(Alchemy differs), for instance, from Buddhist meditation training, for in the East there is no such return to the body (except in certain Zen Buddhist traditions).  There is always the idea that certain things like worldliness, superficiality, and so on, have to be definitely eliminated, so that there is always a kind of educational program.  Dorn does have a bit of that – you have to do a certain amount of it – but he always returns to the idea that the real man, as he is, is the object and even the vehicle of the inner transformation.  That is where Jung, and I, agree with alchemy more than any other tradition: for if you indulge in putting away what you cannot change or transform, you will have a wonderful idealistic result that does not hold when it comes to the test.   AAI 65


The demand made by the imitatio Christi – that we should follow the ideal and seek to become like it – ought logically to have the result of developing and exalting the inner man.  In actual fact, however, the ideal has been turned by superficial and formalistically-minded believers into an external object of worship, and it is precisely this veneration for the object that prevents it from reaching down into the depths of the psyche and giving the latter a wholeness in keeping with the ideal.  Accordingly From left, Rolly Turla, Ruben Enaje and Emerito Baking re-enact the crucifixion of Jesus Christ by having themselves nailed on the crossthe divine mediator stands ouside as an image, while man remains fragmentary and untouched in the deepest part of him.  Christ can indeed be imitated even to the point of stigmatization without the imitator coming anywhere near the ideal or its meaning.   

We must not forget, however, that even a mistaken imitation may sometimes involve a tremendous moral effort which has all the merits of a total surrender to some supreme value, even though the real goal may never be reached and the value is represented externally.  It is conceivable that by virtue of this total effort a man may even catch a fleeting glimpse of his wholeness, accompanied by the feeling of grace that always characterizes this experience.   BW 455 !!!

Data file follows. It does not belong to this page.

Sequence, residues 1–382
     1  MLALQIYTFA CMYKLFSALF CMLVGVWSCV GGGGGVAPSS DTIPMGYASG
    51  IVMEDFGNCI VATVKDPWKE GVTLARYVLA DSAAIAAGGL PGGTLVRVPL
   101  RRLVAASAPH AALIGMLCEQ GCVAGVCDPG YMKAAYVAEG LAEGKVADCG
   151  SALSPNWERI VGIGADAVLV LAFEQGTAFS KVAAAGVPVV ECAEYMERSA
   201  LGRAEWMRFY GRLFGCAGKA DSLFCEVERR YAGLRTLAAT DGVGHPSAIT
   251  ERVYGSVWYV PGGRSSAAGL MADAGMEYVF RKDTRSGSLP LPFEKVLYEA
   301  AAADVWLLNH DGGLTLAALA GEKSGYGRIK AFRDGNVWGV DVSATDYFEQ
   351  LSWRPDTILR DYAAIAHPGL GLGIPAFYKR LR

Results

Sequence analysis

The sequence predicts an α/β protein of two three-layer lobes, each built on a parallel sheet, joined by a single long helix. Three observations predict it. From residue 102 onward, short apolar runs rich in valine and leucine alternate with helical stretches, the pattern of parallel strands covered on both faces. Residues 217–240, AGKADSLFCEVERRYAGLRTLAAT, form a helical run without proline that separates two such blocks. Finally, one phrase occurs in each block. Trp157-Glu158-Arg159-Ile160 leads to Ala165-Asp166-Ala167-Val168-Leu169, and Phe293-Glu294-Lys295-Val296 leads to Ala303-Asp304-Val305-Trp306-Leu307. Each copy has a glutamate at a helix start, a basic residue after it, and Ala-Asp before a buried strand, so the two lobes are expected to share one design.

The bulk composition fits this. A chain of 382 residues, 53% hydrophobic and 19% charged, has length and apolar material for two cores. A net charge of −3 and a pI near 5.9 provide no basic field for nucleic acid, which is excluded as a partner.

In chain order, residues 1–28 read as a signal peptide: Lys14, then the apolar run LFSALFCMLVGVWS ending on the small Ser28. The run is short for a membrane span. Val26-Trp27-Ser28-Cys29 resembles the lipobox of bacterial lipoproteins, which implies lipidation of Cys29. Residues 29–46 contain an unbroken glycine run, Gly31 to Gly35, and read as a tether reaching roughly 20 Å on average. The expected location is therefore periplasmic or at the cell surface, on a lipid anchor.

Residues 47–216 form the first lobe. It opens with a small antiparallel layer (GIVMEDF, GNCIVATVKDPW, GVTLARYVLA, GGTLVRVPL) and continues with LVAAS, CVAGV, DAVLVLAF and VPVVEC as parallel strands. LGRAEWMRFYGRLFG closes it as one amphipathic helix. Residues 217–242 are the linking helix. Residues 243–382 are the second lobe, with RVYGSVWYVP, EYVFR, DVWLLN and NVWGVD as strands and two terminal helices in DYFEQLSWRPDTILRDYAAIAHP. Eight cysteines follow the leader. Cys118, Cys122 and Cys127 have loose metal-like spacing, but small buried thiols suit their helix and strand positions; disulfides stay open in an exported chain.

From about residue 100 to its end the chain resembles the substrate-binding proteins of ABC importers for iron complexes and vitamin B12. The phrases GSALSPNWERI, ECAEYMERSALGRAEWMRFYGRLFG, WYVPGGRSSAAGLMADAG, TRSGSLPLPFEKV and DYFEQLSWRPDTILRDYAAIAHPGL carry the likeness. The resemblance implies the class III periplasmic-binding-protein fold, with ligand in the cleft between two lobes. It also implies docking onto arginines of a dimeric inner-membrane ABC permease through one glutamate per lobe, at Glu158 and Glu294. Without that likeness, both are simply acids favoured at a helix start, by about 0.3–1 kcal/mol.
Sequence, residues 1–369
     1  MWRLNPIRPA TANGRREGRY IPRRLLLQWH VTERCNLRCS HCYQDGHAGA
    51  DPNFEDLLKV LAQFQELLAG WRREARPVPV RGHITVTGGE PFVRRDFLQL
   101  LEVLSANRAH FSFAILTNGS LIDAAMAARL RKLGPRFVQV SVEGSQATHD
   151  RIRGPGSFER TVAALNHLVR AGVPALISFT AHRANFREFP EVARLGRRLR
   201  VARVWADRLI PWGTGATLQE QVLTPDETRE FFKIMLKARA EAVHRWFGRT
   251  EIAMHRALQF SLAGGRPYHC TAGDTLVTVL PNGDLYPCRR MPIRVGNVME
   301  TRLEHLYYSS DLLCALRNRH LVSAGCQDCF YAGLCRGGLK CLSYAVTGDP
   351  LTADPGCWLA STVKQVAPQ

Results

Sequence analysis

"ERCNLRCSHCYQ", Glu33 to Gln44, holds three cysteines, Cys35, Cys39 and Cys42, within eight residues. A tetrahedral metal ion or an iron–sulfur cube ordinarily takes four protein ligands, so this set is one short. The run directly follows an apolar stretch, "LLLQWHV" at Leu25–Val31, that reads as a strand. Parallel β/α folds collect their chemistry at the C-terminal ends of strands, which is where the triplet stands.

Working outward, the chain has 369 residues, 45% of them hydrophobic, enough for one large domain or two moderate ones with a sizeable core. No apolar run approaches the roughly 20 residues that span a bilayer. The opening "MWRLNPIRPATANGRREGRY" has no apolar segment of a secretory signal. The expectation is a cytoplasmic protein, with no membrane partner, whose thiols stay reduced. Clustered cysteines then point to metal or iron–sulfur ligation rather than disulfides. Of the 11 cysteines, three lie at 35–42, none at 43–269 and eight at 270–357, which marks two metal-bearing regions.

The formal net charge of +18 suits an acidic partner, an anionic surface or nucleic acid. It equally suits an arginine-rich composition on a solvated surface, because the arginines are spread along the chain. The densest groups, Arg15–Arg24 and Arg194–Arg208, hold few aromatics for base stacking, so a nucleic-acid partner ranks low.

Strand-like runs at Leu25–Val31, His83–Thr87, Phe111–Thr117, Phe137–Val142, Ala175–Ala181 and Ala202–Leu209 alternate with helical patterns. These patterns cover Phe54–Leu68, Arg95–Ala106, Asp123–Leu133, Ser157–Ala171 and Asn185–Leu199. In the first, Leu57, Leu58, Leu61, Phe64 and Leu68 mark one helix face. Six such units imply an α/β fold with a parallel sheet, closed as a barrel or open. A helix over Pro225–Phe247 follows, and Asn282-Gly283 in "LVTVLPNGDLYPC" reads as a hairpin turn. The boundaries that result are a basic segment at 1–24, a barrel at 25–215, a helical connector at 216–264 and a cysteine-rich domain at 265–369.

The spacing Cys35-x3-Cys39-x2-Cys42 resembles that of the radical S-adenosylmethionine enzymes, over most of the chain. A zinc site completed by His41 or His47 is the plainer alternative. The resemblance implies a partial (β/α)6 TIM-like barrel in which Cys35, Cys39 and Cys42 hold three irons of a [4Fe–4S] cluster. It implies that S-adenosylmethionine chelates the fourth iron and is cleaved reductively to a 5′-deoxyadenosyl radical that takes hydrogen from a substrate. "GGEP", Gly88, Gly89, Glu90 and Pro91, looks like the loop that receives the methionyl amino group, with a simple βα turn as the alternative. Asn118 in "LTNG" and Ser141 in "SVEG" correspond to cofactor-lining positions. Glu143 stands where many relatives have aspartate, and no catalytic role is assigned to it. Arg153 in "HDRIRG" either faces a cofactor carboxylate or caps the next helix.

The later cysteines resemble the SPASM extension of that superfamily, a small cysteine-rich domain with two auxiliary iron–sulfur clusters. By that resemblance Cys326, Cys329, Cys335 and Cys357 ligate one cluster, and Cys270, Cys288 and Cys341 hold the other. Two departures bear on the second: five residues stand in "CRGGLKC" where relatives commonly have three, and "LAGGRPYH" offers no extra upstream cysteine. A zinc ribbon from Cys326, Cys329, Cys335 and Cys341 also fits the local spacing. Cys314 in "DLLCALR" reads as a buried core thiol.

Western man is held in thrall by the “ten thousand things”; he sees only particulars, he is ego-bound and thing-bound, and unaware of the deep root of all being.  Eastern man on the other hand, experiences the world of particulars, and even his own ego, like a dream; he is rooted essentially in the “Ground,” which attracts him so powerfully that his relations with the world are relativized to a degree that is often incomprehensible to us.  BW 456

the ideal took upon himself the sins of the world.  But if the ideal is wholly outside then the sins of the individual are also outside, and consequently he is more of a fragment than ever, since superficial misunderstanding conveniently enables him, quite literally, to “cast his sins upon Christ” and thus to evade his deepest responsibilities – which is contrary to the spirit of Christianity.  BW 456

If the supreme value (Christ) and the supreme negation (sin) are outside, then the soul is void: its highest and lowest are missing.  The Eastern attitude (more particularly the Indian) is the other way about:  everything, highest and lowest, is in the (transcendental) Subject.  BW 456

… Accordingly the significance of the Atman, the Self, is heightened beyond all bounds.  But with Western man the value of the self sinks to zero.  Hence the universal depreciation of the soul in the West.  (repeated)BW 456

An exclusively religious projection may rob the soul of its values so that through sheer inanition it becomes incapable of further development and gets stuck in an unconscious state.  BW 458

However we may picture the relationship between God and soul, one thing is certain: that the soul cannot be “nothing but.”  On the contrary it has the dignity of an entity endowed with consciousness of a relationship to Deity.  Even if it were only the relationship of a drop of water to the sea, that sea would not exist but for the multitude of drops.  The immortality of the soul insisted upon by dogma exalts it above the transitoriness of mortal man and causes it to partake of some supernatural quality.  It thus infinitely surpasses the perishable, conscious individual in significance, so that logically the Christian is forbidden to regard the soul as a “nothing but.”  As the eye to the sun, so the soul corresponds to God.  Since our conscious mind does not comprehend the soul it is ridiculous to speak of the things of the soul in a patronizing or depreciatory manner. BW 458

It would be blasphemy to assert that God can manifest himself everywhere save only in the human soul.  BW 458

Things have gone rapidly downhill since the Age of Enlightenment, for, once this petty reasoning mind, which cannot endure any paradoxes, is awakened, no sermon on earth can keep it down.  A new task then arises: to lift this still undeveloped mind step by step to a higher level and to increase the number of persons who have at least some inkling of the scope of paradoxical truth.  BW 464

[1] Scintiallae